It has been instructive watching the various reactions to the Paula Deen tragicomedy.
On one hand are the folks–including a number of “known liberals”– who see the Food Network’s decision not to renew her show as an excess of “political correctness.” Others, of course, have been far more judgmental.
Most people have reacted without bothering to go beyond the superficial. Had Deen only admitted to using the “N” word a couple of times in the past, it might be legitimate to find the response disproportionate. However, the admission came in the context of a number of other behaviors; the lawsuit in which she gave the deposition alleges long-standing workplace bigotry, including requiring black and white workers in one of her restaurants to use separate restrooms. A story in the New York Times quotes Deen herself about taping a TV show in which she was going to make a hamburger she called a “Sambo” sandwich, but was overruled by the producer. She was also quoted justifying other behaviors by “explaining” that “most jokes” are about Jews, black and gays. (If the lawsuit allegations are accurate, all of these groups were objects of her workplace behaviors.)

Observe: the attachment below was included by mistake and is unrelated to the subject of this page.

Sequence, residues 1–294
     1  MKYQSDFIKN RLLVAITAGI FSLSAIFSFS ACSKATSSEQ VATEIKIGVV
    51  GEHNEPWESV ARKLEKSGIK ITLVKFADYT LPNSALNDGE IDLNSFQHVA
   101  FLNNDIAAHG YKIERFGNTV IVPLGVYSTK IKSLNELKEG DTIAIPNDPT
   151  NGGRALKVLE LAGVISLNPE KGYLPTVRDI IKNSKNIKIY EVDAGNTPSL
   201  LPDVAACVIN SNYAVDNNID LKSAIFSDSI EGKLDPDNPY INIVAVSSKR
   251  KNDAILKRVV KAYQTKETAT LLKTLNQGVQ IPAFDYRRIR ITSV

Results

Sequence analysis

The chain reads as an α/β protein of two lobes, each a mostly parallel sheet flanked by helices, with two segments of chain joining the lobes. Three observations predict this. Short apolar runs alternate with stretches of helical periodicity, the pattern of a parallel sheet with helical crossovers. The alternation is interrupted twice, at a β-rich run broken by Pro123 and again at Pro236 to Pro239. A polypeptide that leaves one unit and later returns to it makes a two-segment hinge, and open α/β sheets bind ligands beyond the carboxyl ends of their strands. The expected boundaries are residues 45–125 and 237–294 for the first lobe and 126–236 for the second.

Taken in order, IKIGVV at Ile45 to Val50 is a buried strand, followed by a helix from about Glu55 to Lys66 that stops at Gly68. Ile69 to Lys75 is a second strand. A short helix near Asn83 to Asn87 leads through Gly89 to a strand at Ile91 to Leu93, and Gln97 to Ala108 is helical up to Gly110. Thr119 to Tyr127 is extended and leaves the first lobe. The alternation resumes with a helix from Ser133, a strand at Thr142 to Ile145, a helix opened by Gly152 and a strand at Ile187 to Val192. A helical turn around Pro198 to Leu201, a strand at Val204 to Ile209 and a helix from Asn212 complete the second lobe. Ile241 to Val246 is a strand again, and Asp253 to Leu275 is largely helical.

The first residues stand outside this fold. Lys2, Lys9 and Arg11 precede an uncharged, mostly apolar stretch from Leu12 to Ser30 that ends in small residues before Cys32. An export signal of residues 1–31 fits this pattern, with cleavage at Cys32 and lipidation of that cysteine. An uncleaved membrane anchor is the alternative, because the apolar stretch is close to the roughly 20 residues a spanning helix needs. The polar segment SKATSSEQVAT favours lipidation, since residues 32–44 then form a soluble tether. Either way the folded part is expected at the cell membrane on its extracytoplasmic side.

Some people who defend Deen are simply unaware of this backstory. But for others, that defense clearly has a personal element. Many of the comments on Facebook and emails sent to Food Network display the very ugly and persistent underside of our multi-cultural society.
We have a very long way to go when it comes to race. And the election of an African-American President has just exacerbated that very jagged social wound.Comments